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How Large Are the Welfare Gains from Technological Innovation Induced by Environmental Policies?

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  • Parry, Ian W H
  • Pizer, William A
  • Fischer, Carolyn

Abstract

This paper examines whether the welfare gains from technological innovation that reduces future abatement costs are larger or smaller than the "Pigouvian" welfare gains from optimal pollution control. The relative welfare gains from innovation depend on three key factors--the initially optimal level of abatement, the speed at which innovation reduces future abatement costs, and the discount rate. We calculate the welfare gains from innovation under a variety of different scenarios. Mostly they are less than the Pigouvian welfare gains. To be greater, innovation must reduce abatement costs substantially and quickly and the initially optimal abatement level must be fairly modest. Copyright 2003 by Kluwer Academic Publishers

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Bibliographic Info

Article provided by Springer in its journal Journal of Regulatory Economics.

Volume (Year): 23 (2003)
Issue (Month): 3 (May)
Pages: 237-55

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Handle: RePEc:kap:regeco:v:23:y:2003:i:3:p:237-55

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  1. Stavins, Robert & Jaffe, Adam & Newell, Richard, 2000. "Technological Change and the Environment," Discussion Papers dp-00-47, Resources For the Future.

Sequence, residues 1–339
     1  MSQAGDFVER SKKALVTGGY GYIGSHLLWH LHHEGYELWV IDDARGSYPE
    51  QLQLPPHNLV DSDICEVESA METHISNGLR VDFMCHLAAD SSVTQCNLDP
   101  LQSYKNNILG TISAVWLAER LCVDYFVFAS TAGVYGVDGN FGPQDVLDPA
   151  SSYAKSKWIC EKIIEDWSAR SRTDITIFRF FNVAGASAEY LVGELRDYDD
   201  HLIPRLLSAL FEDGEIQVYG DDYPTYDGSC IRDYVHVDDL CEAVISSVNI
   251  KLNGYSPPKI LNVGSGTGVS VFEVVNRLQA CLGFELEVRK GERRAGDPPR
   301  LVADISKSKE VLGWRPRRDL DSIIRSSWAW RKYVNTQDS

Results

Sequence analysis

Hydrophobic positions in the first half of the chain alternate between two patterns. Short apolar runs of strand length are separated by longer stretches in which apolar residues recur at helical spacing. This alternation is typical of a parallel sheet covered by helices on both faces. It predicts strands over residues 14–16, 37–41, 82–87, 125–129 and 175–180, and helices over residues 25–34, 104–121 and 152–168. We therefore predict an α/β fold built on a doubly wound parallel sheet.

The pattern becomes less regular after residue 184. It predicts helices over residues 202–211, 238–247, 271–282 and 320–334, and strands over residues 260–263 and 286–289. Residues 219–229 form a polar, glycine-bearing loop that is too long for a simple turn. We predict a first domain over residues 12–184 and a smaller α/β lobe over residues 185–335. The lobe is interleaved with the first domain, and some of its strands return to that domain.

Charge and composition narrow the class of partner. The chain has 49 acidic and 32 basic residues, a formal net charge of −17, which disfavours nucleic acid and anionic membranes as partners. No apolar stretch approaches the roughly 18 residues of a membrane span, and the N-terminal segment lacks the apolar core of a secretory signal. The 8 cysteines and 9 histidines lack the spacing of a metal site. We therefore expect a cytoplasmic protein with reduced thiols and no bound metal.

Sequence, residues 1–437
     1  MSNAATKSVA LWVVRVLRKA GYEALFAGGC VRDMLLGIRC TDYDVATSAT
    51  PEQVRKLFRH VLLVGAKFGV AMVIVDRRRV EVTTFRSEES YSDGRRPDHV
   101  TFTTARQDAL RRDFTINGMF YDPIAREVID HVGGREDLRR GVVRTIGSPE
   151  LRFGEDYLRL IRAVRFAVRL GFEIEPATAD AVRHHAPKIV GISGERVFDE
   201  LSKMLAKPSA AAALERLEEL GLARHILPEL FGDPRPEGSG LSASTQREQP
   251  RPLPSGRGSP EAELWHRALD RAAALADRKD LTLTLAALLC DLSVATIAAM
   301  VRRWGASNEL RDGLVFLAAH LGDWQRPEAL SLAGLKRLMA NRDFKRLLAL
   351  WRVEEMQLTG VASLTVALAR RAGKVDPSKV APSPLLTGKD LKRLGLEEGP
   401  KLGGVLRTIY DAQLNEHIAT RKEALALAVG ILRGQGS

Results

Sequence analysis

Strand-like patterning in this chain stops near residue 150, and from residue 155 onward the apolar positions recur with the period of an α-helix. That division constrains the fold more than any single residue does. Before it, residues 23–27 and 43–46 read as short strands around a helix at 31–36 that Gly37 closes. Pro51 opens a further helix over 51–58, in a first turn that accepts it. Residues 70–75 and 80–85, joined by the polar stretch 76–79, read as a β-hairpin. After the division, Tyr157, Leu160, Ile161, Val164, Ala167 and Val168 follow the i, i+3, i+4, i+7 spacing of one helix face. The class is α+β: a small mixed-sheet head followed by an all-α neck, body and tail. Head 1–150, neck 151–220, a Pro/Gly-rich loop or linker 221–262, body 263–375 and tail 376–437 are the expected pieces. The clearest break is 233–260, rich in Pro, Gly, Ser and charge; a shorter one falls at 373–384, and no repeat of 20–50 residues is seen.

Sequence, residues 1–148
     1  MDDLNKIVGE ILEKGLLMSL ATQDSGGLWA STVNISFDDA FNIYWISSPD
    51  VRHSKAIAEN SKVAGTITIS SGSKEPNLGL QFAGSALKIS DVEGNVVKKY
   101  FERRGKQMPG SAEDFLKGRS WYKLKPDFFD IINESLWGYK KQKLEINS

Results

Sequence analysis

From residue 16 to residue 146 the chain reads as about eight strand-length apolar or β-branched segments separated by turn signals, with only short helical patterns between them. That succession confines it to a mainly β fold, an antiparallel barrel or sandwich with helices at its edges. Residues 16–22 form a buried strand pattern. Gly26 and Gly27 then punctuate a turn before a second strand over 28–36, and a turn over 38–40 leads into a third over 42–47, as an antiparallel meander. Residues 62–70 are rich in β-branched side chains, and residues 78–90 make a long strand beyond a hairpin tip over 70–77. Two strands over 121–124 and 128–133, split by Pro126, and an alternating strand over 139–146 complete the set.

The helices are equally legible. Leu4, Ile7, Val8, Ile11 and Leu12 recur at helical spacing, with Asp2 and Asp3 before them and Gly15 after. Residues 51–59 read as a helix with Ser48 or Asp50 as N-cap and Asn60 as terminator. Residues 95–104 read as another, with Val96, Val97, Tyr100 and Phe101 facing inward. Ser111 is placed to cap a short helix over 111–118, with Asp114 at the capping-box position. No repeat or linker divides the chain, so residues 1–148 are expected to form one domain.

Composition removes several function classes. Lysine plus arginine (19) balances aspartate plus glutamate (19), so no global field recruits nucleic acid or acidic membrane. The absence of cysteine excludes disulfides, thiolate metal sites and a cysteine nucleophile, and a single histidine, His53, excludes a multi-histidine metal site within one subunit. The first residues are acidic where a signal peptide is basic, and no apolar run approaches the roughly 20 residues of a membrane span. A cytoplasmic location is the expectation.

2. Cropper, Maureen L & Oates, Wallace E, 1992. "Environmental Economics: A Survey," Journal of Economic Literature, American Economic Association, vol. 30(2), pages 675-740, June.
  3. Revesz, Richard L. & Stavins, Robert N., 2007. "Environmental Law," Handbook of Law and Economics, Elsevier.
  4. Pizer, William & Newell, Richard, 2000. "Discounting the Distant Future: How Much Do Uncertain Rates Increase Valuations?," Discussion Papers dp-00-45, Resources For the Future.
  5. Muradian, Roldan, 2001. "Ecological thresholds: a survey," Ecological Economics, Elsevier, vol. 38(1), pages 7-24, July.
  6. Jung, Chulho & Krutilla, Kerry & Boyd, Roy, 1996. "Incentives for Advanced Pollution Abatement Technology at the Industry Level: An Evaluation of Policy Alternatives," Journal of Environmental Economics and Management, Elsevier, vol. 30(1), pages 95-111, January.
  7. Downing, Paul B. & White, Lawrence J., 1986. "Innovation in pollution control," Journal of Environmental Economics and Management, Elsevier, vol. 13(1), pages 18-29, March.
  8. Fischer, Carolyn & Parry, Ian W. H. & Pizer, William A., 2003. "Instrument choice for environmental protection when technological innovation is endogenous," Journal of Environmental Economics and Management, Elsevier, vol. 45(3), pages 523-545, May.